- LONDON (Reuters) - Efforts to save most of the world's rainforests are
doomed to failure and should be abandoned, a group of European scientists
said in a report.
- They said intensive farming and logging
have left many rainforests beyond repair and suggested that conservationists
concentrate on preserving the few areas that are not yet under pressure.
- Reporting in the New Scientist magazine
on Wednesday, scientists at the European Commission's Joint Research Center
in Italy gave a bleak outlook.
- "The pressures to remove the forests
are too great to be stopped, especially in places like Southeast Asia,"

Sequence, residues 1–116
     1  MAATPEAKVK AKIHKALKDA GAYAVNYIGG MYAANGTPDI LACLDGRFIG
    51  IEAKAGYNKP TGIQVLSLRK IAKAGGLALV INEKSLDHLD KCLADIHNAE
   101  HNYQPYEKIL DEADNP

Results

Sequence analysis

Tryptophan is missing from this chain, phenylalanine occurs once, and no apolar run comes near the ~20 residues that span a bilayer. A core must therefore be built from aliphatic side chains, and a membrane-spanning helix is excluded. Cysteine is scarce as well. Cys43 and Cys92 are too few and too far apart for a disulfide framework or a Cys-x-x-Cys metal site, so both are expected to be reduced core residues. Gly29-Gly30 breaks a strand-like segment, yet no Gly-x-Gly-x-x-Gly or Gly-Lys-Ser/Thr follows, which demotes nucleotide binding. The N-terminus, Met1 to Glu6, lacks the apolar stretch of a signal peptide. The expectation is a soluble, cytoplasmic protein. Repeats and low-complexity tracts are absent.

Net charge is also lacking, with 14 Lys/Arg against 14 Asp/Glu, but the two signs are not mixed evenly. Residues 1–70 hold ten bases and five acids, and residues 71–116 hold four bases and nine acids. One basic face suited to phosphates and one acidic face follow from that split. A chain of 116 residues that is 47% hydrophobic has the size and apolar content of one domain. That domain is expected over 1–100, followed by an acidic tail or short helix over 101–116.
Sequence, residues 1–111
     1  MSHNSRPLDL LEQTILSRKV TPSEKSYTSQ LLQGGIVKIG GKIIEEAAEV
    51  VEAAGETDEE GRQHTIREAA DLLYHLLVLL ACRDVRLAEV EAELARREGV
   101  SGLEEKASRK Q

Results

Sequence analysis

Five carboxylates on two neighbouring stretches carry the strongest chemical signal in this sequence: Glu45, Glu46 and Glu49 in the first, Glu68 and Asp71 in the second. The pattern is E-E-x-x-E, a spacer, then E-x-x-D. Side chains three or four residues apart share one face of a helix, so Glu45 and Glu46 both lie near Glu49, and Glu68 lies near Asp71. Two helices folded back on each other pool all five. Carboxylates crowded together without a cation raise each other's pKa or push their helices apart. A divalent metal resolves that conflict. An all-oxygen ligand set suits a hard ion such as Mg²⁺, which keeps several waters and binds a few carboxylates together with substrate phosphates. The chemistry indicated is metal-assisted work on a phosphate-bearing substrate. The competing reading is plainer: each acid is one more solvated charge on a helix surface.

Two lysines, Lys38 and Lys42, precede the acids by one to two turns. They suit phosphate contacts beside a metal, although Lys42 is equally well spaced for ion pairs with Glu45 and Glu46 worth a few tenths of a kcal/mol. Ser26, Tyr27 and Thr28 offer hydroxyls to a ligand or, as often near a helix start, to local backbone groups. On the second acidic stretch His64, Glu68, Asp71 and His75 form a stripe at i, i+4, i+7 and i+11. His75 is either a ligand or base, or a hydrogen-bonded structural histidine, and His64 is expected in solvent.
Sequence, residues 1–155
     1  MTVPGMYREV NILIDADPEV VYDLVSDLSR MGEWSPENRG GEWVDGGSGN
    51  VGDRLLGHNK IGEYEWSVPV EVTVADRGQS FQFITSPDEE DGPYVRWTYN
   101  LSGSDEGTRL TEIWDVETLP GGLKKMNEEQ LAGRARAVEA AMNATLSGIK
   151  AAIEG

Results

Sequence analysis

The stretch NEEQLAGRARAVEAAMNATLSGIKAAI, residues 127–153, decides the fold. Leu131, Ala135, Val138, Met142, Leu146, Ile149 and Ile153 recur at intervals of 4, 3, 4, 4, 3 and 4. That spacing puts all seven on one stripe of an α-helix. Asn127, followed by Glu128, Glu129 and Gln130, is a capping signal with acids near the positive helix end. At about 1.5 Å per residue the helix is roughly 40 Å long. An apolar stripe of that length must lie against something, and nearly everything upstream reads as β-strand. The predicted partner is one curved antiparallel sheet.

said Frederic Achard of the Research Center.
- The research team of 12 experts in tropical
forests said there was no hope of stopping deforestation by logging companies
and farmers in major rainforest regions such as Indonesia and much of the
- "There is very little we can do
to change the politics of these ountries," Achard said.
- Parts of the rainforests of the central
Amazon Basin, Congo and New Guinea might be saved however and priority
should be given to identifying and protecting areas of high biodiversity
in these zones, the research center said.
- The Indonesian island of Sumatra was
pinpointed as the hottest of the deforestation hot spots. An island twice
the size of Britain, it has lost virtually all its lowland forests in just
25 years, along with the animals that lived in them.